South Sea Pearls
Gallery & In-depth
South Sea Pearls, compared to other types
South Sea pearls are typically much larger than other pearl varieties and have a unique lustre quality – a soft reflection due to the large aragonite platelets that make up the pearl. (Opposed to the “hard shine” of the Japanese Akoya). An 8 mm pearl would be considered large if Akoya, but this is the smallest size one will find in South Sea.
They also have the thickest average nacre of all cultured pearls. These factors make South Seas both distinctive and valuable. South Sea pearls have the highest value and command the highest prices of all types of pearls.
Colours, shapes, and sizes
South Sea pearls are quite large, and they tend to have very thick nacre. South Sea pearls can be found in the range of 8 to 20 mm, with the average being 12 mm. Only a small % of each harvest will be spherical or near-round, so those strands are truly a rare commodity. Baroque-, circle-, button- and drop-shapes are often used in high-end designer jewellery to showcase their unique shapes and lustre. This also makes the South Sea pearls available at a variety of price levels.
Silver-lipped South Sea pearl oysters generally produce pearls in the white, silver, aqua and blue family of overtones. The gold-lipped variety produces the cream, champagne, and deeper golden pearls. Since the natural colours of South Sea pearls are so rich and beautiful, after harvesting they are merely washed and buffed to remove any residue and bring out their natural glow.
South Sea pearls grow in the Pinctada maxima saltwater oyster, their warm tones are completely natural and grow to beauty without treatments. The host shell itself grows up to 30cm in diameter at maturity and is the largest pearl producing kind. In order to maintain genetic diversity, wild oysters are bred to create farm stock and mixed with the hatchery stock to keep the supply healthy and plentiful. All sources are closely monitored by government organizations to guarantee their long-term well being.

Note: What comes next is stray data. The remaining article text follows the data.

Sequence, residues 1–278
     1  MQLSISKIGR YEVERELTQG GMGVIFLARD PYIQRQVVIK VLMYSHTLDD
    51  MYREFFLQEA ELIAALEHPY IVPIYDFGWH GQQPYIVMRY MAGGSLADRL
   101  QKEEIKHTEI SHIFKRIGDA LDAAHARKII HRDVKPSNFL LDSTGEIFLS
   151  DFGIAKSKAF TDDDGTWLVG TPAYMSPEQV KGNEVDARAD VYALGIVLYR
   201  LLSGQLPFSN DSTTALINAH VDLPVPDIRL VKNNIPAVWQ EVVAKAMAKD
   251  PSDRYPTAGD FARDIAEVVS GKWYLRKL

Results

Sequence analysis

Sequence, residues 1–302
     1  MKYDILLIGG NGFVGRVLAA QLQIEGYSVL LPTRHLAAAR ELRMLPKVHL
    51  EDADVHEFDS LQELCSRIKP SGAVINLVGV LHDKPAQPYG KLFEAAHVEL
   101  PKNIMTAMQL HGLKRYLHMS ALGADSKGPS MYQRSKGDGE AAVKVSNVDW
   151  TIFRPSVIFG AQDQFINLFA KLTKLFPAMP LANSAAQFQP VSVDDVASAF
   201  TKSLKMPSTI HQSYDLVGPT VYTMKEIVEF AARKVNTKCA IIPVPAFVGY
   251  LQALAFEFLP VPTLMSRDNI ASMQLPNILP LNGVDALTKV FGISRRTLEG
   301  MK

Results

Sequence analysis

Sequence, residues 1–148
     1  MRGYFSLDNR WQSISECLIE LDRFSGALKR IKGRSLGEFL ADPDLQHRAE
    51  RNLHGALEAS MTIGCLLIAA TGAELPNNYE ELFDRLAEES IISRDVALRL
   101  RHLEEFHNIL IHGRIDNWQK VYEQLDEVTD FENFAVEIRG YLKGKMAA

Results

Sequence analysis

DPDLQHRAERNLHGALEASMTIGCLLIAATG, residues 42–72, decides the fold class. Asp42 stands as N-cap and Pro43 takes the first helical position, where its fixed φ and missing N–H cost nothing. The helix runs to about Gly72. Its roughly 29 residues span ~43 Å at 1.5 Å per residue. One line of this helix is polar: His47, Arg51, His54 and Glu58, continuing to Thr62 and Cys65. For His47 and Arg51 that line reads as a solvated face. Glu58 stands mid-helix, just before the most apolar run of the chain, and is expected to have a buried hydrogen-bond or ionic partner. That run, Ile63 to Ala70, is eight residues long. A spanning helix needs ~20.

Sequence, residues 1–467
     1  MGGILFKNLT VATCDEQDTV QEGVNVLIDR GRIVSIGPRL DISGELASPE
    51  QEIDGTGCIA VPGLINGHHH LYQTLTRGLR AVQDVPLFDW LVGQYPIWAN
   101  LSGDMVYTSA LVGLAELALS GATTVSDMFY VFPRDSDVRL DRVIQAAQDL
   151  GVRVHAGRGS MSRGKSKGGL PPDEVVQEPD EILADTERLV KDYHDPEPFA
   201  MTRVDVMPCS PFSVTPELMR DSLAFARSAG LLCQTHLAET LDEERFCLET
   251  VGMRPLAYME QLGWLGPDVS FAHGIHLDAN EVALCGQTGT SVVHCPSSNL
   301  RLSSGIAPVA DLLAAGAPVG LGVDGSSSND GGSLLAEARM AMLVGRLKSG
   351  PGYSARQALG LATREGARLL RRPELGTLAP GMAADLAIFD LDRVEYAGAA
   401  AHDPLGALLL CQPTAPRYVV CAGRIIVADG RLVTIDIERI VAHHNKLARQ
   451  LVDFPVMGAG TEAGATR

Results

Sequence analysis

Being a delicate organism, this type of pearl oyster is particularly vulnerable, which is one reason why the culturing area for South Seas pearls is quite limited. Attempts to expand South Sea pearl farming have met with little success because the oysters do not thrive outside their native, natural environment.
As with other saltwater oysters, the South Sea pearl oyster is bead-nucleated. However, the growth period is approximately 2-4 years, where the Akoya and Tahitian pearls develop in less than half that time.
The white South Sea pearls are predominately cultured along the northwest coast of Australia. Pearls of the golden variety are primarily grown in the Philippines and Indonesia - two countries that are quickly becoming the leaders in the finest golden South Sea pearl production.
Adding to their mystique is a colourful past. In the 1850's, the rough-and-tumble city of Broome, on the northwest coast of Australia, fastly became the commercial centre for South Sea pearls, despite its seedy reputation. Large-scale commercial pearl culturing began in earnest during the 1950's and has grown steadily since. Today, Broome still dominates the white South Sea pearling industry and has become a beautiful, modern city reflecting the high-tech nature of the business.
How rare and valuable are they?
The value of a South Sea pearl is heavily dependent upon the colour; the deeper the colour, the more valuable the pearl. The deepest golden colour, often referred to as 24 karat, is considered the most valuable colour of all South Sea pearls. Of all the cultured pearl varieties on the market today, South Sea pearls are the undisputed leaders in value. Their large size, combined with the relative scarcity, make them among the most desired as well. A perfect strand of deep golden South Sea pearls in a large size can sell for more than €100.000.
For more South Sea pearl information feel free to ask any of our team members. We are the experts on pearls and can answer any questions you may have.